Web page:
If you’re struggling to pay off your mortgage and you do the things needed to get it, it can be tempting to think that you can get away with not paying some of your loan. If this happens, it could cause you to lose your house. This post will tell you what happens if you default on a mortgage loan.
What Happens If You Pay Your Mortgage Late?
After 15 days have gone and you have not made your payment, you will be assessed a late fee. If you are still unable to make your payment after 30 days, your loan will be considered defaulted.
Important: Monthly payments are frequently given a grace period by mortgage lenders. Without incurring late fees or penalties, you usually have until the 15th of the month to make your payment.
Your lender will then record your late payment to credit bureaus, which will have an impact on your credit score.
If You Don’t Make A Payment For More Than 120 Days, You’ll Be Left Behind.
When you’re 120 days or more behind on your payments, the foreclosure procedure will begin.
This is when the lender takes possession of the property and kicks you out. The legal method for this varies from state to state. The lender’s goal is to sell the property and use the revenues to pay off your remaining debt.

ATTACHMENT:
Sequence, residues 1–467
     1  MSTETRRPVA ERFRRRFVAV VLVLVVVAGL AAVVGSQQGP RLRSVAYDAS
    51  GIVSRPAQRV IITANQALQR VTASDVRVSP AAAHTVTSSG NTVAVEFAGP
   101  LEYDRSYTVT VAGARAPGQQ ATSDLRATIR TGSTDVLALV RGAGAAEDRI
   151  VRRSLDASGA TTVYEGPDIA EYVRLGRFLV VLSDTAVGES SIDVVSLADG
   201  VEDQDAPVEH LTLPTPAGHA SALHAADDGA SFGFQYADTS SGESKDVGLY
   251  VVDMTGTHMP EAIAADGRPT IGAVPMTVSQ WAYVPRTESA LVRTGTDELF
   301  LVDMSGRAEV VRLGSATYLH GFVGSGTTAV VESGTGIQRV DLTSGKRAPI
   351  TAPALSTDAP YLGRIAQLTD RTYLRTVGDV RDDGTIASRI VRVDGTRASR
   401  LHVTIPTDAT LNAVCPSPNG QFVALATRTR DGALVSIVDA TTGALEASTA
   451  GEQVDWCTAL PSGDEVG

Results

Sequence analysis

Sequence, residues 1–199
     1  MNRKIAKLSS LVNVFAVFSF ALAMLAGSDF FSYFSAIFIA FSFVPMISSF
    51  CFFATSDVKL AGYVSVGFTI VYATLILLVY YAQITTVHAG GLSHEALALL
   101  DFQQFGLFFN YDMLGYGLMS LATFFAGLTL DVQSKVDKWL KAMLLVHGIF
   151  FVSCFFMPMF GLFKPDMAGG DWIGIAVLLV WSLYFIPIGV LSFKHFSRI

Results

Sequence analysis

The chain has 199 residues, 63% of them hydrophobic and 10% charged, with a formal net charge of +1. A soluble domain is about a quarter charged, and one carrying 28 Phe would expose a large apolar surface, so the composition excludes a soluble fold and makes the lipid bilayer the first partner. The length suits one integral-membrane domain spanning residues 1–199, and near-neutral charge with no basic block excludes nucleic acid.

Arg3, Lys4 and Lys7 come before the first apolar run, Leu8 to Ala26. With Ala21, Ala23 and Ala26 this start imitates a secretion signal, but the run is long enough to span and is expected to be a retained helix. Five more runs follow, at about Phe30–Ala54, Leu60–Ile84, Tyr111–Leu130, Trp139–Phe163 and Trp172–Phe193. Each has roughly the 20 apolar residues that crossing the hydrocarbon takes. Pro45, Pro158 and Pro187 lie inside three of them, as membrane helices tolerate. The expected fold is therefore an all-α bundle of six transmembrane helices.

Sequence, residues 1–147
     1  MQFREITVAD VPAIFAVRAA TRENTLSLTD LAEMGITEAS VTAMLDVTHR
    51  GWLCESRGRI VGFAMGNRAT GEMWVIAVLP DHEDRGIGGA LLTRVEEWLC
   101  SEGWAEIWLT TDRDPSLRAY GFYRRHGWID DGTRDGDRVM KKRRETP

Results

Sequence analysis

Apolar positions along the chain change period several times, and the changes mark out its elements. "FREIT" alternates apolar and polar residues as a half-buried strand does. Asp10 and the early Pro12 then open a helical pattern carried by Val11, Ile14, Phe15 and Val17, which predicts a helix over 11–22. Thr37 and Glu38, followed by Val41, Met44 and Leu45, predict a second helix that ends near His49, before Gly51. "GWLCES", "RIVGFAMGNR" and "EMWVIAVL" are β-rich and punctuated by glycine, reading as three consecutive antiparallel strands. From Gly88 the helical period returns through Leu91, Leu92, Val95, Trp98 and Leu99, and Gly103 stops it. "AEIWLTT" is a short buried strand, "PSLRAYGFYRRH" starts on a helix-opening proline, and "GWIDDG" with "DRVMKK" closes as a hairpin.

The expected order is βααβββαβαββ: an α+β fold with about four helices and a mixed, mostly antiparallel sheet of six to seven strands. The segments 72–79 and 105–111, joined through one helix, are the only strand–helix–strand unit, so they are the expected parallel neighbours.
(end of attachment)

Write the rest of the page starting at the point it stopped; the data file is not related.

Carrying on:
This may appear to be a good solution because you’re no longer responsible for the remaining loan sum, but you may be obliged to pay the difference if the revenues from the sale don’t cover the entire loan balance. This is known as a “deficiency judgment,” and it forces your lender to take additional legal action.
Some Options If You Are Unable to Make A Payment.
An adjustment to a loan: Your lender may be willing to change your loan terms to make your payments more manageable.
An alternative deed to foreclosure: In exchange for total or partial debt forgiveness, you can voluntarily relinquish ownership of your home to the lender. This is usually only an option if the house is about to be foreclosed upon.
A repayment schedule: These plans are for borrowers who have fallen behind on their payments by a few payments. They let you pay a higher monthly payment until your past-due balance is paid off.